When I received lavender in my CSA a while back, I had absolutely no idea what to do with it.  I had heard that if you use too much culinary lavender food can taste soapy, so I set about finding a few ways to use it well.

First, I adapted the White Bean Hummus with Fresh Thyme and Basil from Eat, Drink & Be Vegan.  All I really changed were the herbs – I used fresh thyme, rosemary and lavender.  It was a bit on the soapy side, so I probably used just a bit too much.

Next, I adapted this recipe for Peppered Lavender Beef.  Really, I just stole the seasoning mix idea.  I ground up black and white peppercorns, fennel seeds, thyme and lavender, rubbed it on some extra firm tofu, and baked it.  I really like the method of dry rubbing and baking tofu, it gives the tofu a great texture.  I served the tofu with dijon sauce, scalloped zucchini and slow roasted tomatoes.  You can tell this is from over a month ago, when zucchini and tomatoes were still in season!

Lastly, and possibly most successfully, I adapted this recipe for Apple Lavender Muffins, making it vegan, whole grain and lower-fat.  These muffins are moist with a large crumb, and lightly sweet and flavorful.  The original recipe yielded 12 muffins, but somehow my batter was only enough for 9.

Apple Lavender Muffins

1/2 cup whole wheat pastry flour
1/2 cup spelt flour
1/2 cup oat flour
1/2 cup sugar
2 tsp baking powder
1/2 tsp salt
1/2 cup almond milk
1 Tbs lavender flowers
2 Tbs unsweetened applesauce
2 Tbs walnut oil or other mild-flavored oil
1 medium apple, peeled and diced (about 1 cup), divided

1. Preheat oven to 375 degrees.

2. Spray nine muffin tins with oil or line with muffin cups.

3. In large bowl, sift together flours, sugar, baking powder and salt. Make a well in center.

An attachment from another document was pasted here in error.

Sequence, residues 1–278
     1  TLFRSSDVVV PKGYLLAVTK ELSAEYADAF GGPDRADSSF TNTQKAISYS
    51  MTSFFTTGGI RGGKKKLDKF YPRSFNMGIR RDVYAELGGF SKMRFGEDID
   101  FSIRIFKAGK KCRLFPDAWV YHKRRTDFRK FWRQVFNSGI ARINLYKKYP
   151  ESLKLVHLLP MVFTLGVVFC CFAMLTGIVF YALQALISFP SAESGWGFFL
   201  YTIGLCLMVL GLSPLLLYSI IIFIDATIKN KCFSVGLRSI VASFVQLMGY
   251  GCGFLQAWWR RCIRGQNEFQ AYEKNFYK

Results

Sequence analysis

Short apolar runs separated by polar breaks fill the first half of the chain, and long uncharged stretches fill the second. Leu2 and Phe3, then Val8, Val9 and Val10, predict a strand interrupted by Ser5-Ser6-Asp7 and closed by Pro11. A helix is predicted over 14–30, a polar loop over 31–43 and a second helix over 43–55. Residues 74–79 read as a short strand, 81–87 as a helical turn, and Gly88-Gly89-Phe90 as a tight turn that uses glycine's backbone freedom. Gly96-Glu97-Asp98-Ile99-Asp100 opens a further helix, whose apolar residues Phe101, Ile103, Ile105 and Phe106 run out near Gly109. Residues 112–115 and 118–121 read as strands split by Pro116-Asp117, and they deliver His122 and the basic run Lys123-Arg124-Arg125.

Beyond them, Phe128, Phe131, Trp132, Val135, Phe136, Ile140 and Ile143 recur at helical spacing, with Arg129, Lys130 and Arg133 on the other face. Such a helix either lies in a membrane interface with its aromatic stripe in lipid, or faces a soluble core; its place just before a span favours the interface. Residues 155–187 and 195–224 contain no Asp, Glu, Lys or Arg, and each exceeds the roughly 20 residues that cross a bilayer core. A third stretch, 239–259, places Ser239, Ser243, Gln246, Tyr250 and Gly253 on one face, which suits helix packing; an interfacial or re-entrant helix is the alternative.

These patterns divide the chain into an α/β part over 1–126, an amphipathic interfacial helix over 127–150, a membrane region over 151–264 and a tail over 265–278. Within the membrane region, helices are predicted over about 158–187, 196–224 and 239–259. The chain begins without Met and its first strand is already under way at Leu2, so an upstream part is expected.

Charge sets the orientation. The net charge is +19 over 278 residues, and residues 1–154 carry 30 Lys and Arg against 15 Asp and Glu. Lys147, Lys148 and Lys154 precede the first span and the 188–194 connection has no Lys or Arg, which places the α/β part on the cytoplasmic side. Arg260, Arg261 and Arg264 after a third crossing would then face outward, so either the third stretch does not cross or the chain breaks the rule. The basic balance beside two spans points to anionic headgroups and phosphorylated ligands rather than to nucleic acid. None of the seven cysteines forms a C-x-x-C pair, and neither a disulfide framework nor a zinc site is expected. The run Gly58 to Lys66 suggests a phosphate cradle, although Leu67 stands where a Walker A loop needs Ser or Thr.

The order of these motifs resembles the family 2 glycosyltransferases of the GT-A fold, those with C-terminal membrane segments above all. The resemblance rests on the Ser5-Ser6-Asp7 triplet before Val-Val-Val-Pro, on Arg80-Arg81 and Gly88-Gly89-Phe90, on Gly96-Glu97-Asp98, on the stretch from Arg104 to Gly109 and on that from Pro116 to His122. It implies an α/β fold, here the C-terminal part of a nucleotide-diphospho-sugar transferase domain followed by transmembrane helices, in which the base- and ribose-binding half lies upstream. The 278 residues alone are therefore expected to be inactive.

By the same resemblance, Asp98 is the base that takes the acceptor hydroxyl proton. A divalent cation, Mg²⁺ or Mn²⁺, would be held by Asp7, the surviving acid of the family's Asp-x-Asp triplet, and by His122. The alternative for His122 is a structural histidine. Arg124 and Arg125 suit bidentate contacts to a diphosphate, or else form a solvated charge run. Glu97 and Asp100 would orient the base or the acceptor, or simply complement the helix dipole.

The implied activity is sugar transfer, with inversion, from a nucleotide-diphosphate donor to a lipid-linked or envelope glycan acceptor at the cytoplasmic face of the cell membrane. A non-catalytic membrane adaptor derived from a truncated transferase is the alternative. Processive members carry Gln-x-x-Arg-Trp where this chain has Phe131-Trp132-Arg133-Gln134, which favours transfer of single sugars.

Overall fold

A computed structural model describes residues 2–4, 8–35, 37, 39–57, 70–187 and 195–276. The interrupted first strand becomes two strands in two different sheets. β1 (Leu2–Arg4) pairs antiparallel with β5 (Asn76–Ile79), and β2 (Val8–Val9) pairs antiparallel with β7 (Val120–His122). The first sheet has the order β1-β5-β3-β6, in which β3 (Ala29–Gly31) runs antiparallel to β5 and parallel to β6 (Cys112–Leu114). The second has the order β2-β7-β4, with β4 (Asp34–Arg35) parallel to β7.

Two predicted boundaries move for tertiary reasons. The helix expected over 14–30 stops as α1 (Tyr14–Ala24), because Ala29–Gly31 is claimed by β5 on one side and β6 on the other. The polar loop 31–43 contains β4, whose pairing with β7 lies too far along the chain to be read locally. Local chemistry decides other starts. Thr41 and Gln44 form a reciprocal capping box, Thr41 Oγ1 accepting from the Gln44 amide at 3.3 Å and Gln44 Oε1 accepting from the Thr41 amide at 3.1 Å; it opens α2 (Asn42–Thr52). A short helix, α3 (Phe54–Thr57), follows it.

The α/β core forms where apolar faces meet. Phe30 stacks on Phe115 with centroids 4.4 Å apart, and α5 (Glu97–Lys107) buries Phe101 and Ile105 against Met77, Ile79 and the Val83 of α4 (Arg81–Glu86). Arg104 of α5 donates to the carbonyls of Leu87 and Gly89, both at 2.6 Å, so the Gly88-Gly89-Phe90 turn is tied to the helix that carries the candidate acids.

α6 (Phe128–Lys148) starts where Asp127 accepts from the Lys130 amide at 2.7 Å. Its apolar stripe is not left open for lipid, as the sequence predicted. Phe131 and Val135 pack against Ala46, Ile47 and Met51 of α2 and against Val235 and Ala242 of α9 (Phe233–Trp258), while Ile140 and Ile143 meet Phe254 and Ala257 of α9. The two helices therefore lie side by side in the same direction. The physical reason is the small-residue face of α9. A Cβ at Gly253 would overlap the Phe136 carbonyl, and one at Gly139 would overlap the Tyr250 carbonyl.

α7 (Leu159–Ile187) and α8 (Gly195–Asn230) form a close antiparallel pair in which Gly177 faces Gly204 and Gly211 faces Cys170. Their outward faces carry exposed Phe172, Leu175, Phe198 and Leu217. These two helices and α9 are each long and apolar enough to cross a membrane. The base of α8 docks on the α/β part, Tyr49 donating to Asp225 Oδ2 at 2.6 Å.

4. In separate bowl, whisk together almond milk, lavender, applesauce and oil. Add milk mixture to flour mixture and stir gently just until batter is evenly moistened. Fold in 1/2 cup of the apples.

5. Fill prepared muffin tins about three-quarters full. Gently tap filled tins to release any air bubbles.

6. Sprinkle remaining diced apple over muffins. Bake until toothpick inserted into center of a muffin comes our clean, 25 to 30 minutes. Cool muffins in pan about 10 minutes, then transfer to cooling rack.

Yield: 9 muffins

Amount Per Serving
Calories 147.8
Calories From Fat (24%) 34.82
% Daily Value
Total Fat 3.95g 6%
Saturated Fat 0.39g 2%
Cholesterol 0mg 0%
Sodium 246.44mg 10%
Potassium 55.61mg 2%
Total Carbohydrates 26.99g 9%
Fiber 2.41g 10%
Sugar 12.72g
Protein 2.3g 5%

Get thee some lavender and make these muffins!

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Care Packages, Laptop Lunches & Works In Progress

We successfully broke all the internets at our house (wireless AND non-), and with no solution in sight I am bringing you this post from my work computer.  So, I’m gonna jam a bunch of stuff in and keep it brief.

Firstly, I have been receiving a lot of love in food-related form lately, and I wanted to share the love with everyone!

I participated in my third PPK care package swap, and this time my partner was from Japan and sent me all manner of awesome Japanese stuff.

some sort of seitan stars (“fu”), a sushi mat, cooking chopsticks made of bamboo, shiratamako and red bean paste for attempting daifuku, and candy from Kyoto

candy closeup